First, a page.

When we wrote our preview of AAPL earnings, we said they could be a trade-off between iPhone sales on one hand, and the company service revenues as well as broader revenue picture, and sure enough that’s precisely what happened.
In the third fiscal quarter, Apple sold 41.3MM iPhones, up from 41.0MM a year ago, but missing analyst estimates of 41.6MM, with disappointing unit sales for iPads and Macs as well, but because it beat on the bottom and top line, reporting Q3 EPS of $2.34, vs Exp. $2.18 on revenue of $53.3BN, also topping expectations of $52.4BN, while providing Q4 revenue guidance that was well above analyst estimates, the stock jumped over 2.7% after hours.
As some had expected, Apple product sales missed on every metric:
- Q3 iPhone sales 41.3MM, vs Exp. 41.6MM
- Q3 iPad sales 11.6MM, vs Exp. 11.7MM
- Q3 Mac sales 3.7MM, vs Exp. 4.3MM, the lowest since Q3 2010
A clearer breakdown of iPhone sales in Q3, shows that after peaking in 2015, Apple may have hit a bit of a peak (via Jon Erlichman):
- Q3 2018: 41.3 million
- Q3 2017: 41.0 million
- Q3 2016: 40.4 million
- Q3 2015: 47.5 million
- Q3 2014: 35.2 million
- Q3 2013: 31.2 million
- Q3 2012: 26.0 million
- Q3 2011: 20.3 million
- Q3 2010: 8.4 million
- Q3 2009: 5.2 million
- Q3 2008: 717 thousand
And yet, despite stagnant iPhone growth, the following breakdown of Q1 revenue shows that the company has been more than able to offset the topline growth:
- Q3 2018: $53.3 billion
- Q3 2017: $45.4 billion
- Q3 2016: $42.4 billion
- Q3 2015: $49.6 billion
- Q3 2014: $37.4 billion
- Q3 2013: $35.3 billion
- Q3 2012: $35 billion
- Q3 2011: $28.6 billion
- Q3 2010: $15.7 billion
- Q3 2009: $9.7 billion
- Q3 2008: $7.6 billion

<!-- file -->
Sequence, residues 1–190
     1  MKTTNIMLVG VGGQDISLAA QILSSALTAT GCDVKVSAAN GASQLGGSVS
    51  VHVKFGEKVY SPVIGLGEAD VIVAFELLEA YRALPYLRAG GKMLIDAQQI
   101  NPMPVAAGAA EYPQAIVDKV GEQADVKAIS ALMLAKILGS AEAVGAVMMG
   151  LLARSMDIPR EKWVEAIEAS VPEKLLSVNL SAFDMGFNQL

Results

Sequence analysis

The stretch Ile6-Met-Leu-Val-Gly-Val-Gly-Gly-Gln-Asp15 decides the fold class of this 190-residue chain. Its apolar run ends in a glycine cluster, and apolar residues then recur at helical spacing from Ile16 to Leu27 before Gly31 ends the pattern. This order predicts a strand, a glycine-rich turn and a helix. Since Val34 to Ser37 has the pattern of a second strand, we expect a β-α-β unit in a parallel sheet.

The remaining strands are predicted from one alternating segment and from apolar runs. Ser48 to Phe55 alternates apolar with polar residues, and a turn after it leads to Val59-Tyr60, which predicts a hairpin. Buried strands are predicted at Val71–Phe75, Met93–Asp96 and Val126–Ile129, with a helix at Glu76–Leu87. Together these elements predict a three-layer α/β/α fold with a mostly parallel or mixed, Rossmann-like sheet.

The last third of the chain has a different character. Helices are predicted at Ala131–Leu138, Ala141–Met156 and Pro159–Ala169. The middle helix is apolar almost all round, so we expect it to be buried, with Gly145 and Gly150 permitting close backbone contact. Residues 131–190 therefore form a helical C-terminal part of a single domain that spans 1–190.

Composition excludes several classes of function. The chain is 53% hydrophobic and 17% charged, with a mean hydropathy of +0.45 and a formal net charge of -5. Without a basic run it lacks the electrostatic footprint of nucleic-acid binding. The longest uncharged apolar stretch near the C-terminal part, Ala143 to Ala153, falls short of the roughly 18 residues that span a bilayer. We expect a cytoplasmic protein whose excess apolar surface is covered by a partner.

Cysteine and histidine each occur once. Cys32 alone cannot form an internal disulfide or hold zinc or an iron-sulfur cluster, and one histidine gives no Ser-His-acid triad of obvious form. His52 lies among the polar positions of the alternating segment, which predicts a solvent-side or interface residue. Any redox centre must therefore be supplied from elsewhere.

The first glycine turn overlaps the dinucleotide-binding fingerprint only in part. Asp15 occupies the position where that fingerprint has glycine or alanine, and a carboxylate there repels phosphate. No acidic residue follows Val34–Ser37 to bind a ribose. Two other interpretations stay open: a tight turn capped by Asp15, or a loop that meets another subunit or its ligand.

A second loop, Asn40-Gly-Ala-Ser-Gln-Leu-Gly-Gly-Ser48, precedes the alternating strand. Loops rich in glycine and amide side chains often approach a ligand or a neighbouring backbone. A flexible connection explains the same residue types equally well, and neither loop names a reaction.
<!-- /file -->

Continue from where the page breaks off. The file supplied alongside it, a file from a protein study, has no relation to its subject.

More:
Indeed, despite softer iPhone sales, the company’s sold revenue beat suggests that the company is leveraging average selling prices and other revenue streams. And to be sure, Apple once again announced blockbuster service revenues of $9.5BN which includes the App Store and Apple Music, beating Wall Street expectations of $9.2BN. That is 31% growth from $7.3 billion in the year-ago quarter and 4% quarter over quarter growth. As RBC noted earlier, Apple is increasingly becoming a service company.
Further boosting the stock after hours, ASPs also came in above expectations, at $724 vs the $699 expected. Meanwhile, gross profit margin came in exactly as expected, at 53.3%
But even more important was Apple’s forecast for the next quarter, in which Apple sees revenue between $60 and $62Bn, above consensus estimates of $594BN, on margins of 38.0-38.5%, vs est of 38.2%.
The full forecast in a nutshell:
- revenue between $60 billion and $62 billion
- gross margin between 38 percent and 38.5 percent
- operating expenses between $7.95 billion and $8.05 billion
- other income/(expense) of $300 million
- tax rate of approximately 15 percent before discrete items
Notable is that the company also returned almost $25 billion to investors through its capital return program during the quarter, including $20 billion in share repurchases, just shy of the Q2 record of $22.8 billion.
Commenting on the result, CEO Tim Cook said “we’re thrilled to report Apple’s best June quarter ever, and our fourth consecutive quarter of double-digit revenue growth. Our Q3 results were driven by continued strong sales of iPhone, Services and Wearables, and we are very excited about the products and services in our pipeline.”
CFO Luca Maestri also chimed in, saying that “our strong business performance drove revenue growth in each of our geographic segments, net income of $11.5 billion, and operating cash flow of $14.5 billion. We returned almost $25 billion to investors through our capital return program during the quarter, including $20 billion in share repurchases.”
So with all that said, here are the results in chart format:
Apple Net Income grew 32% Y/Y, EPS rose by 39.2% even as iPhone sales barely rose 0.7%
Product sales: The market was expecting a very modest increase in iPhone sales and yet the company failed to deliver, as iPhone sales came in at 41.3mm, below the 41.6mm expected, and just above the 41.0 mm sold last quarter. iPad sales were 11.6mm, also below the 11.7mm expected, while Apple sold 3.6 million Macs, far below the 4.3 million expected, adn the lowest since Q2 2010.
Service Revenue: a revenue category that is rapidly becoming as important as iPhone sales, soared 31% Y/Y to $9.55BN, the highest on record, and beating all Wall Street estimates.